Appeal from the Order entered August 13, 1987 in the Court of Common Pleas of Warren County, Civil Division, at No. 635 of 1986.
Burton L. Fish, Erie, for appellants.
Rowley, Del Sole and Montgomery, JJ.
In this appeal we are asked to determine whether the trial court erred in failing to address the application of the Pennsylvania Recording Act to the facts in this quiet title action. On July 9, 1987 the trial court filed an opinion and order in favor of Plaintiffs-Appellees which granted Appellants' 30 days in which to take post-trial action. See: Pa.R.Civ.P., Rule 1066, 42 Pa.C.S.A. Within this time period a motion was filed containing the issue Appellants now seek to have reviewed on appeal, and a timely notice of appeal was filed.
The property in question which was used as a hunting camp was conveyed by Mr. and Mrs. Roscoe Mitchell to Appellees on January 6, 1971. The deed evidencing this conveyance was subsequently recorded. The trial court found that Mr. and Mrs. Mitchell's interest in the property was acquired on June 24, 1952 when Paul C. Lyons executed a deed to the property in return for a payment of $100.00. This deed was never recorded and was "lost" at the time of trial.*fn1
Appellants, who claim to be the rightful owners of the property in question, contend that the trial court erred when it failed to take into account the fact that Mr. and Mrs. Lyons had conveyed the subject property to William C.
Lyons, Paul H. Lyons II, Lynn G. Lyons and Samuel H. Lyons on October 28, 1968, the deed to which was recorded the next day. Appellants maintain that the Pennsylvania Recording Act protects their title since the conveyance was set down in writing and was recorded prior to the transfer of the property to Appellees. See: 21 P.S. § 351.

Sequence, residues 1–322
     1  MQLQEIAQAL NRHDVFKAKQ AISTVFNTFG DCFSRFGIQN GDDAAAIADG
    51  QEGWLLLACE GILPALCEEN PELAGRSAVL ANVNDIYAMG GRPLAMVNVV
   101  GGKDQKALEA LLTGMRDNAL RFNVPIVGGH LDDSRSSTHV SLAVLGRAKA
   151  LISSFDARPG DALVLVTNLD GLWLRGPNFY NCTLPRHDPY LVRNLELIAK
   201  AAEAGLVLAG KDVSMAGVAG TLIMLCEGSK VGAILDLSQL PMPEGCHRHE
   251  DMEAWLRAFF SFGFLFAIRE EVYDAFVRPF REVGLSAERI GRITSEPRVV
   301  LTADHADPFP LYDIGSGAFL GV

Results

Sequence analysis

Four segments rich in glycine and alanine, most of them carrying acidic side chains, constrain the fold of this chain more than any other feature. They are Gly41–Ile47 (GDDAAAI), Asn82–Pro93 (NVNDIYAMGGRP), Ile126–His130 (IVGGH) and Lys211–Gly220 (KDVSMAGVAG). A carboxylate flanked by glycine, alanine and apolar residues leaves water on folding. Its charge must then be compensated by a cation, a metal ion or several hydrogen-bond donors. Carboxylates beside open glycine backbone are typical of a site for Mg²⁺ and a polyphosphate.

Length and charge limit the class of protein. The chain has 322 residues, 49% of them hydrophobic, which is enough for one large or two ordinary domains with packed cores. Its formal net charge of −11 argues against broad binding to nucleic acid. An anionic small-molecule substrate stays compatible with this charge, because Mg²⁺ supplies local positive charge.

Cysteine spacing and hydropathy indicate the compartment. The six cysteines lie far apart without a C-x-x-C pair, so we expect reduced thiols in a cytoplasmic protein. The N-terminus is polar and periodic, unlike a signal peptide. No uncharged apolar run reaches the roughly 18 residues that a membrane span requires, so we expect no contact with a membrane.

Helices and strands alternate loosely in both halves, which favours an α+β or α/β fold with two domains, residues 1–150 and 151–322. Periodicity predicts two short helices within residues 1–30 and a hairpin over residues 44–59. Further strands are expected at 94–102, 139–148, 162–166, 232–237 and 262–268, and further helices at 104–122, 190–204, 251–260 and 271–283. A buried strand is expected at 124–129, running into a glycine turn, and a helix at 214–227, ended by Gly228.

The argument advanced by Appellants must be dismissed since it is based on the faulty premise that the subject property was transferred in the 1968 conveyance. The deed conveying property from Mr. and Mrs. Lyons to their sons contains the following reservation:
ALSO, EXCEPTING AND RESERVING five (5) campsites sold by Paul C. Lyons and Helen M. Lyons, his wife, to third parties totaling approximately eight (8) acres, more or less.
A title abstractor who testified at trial performed a title search and indicated that during his examination he discovered four recorded deeds transferring four different campsites. N.T. 6/11/86 at 66. None of the four deeds consisted of a transferred campsite from Mr. and Mrs. Lyons to Mr. and Mrs. Mitchell. The trial court concluded that the unrecorded "lost" deed executed in 1952 to Mr. and Mrs. Mitchell was the fifth campsite which was "excepted and reserved" in the conveyance from Mr. and Mrs. Lyons to their sons. Although this conveyance was not recorded, the recording of a deed is not essential to its validity or to the transition of title. Fiore v. Fiore, 405 Pa. 303, 174 A.2d 858 (1961). The title to real estate may be passed by delivery of a deed without undertaking a recording since the recording is essential only to protect by constructive notice any subsequent purchasers, mortgagees and new judgment creditors. Matter of Pentrack's Estate, 486 Pa. 237, 405 A.2d 879 (1979); Malamed v. Sedelsky, 367 Pa. 353, 80 A.2d 853 (1951). The ...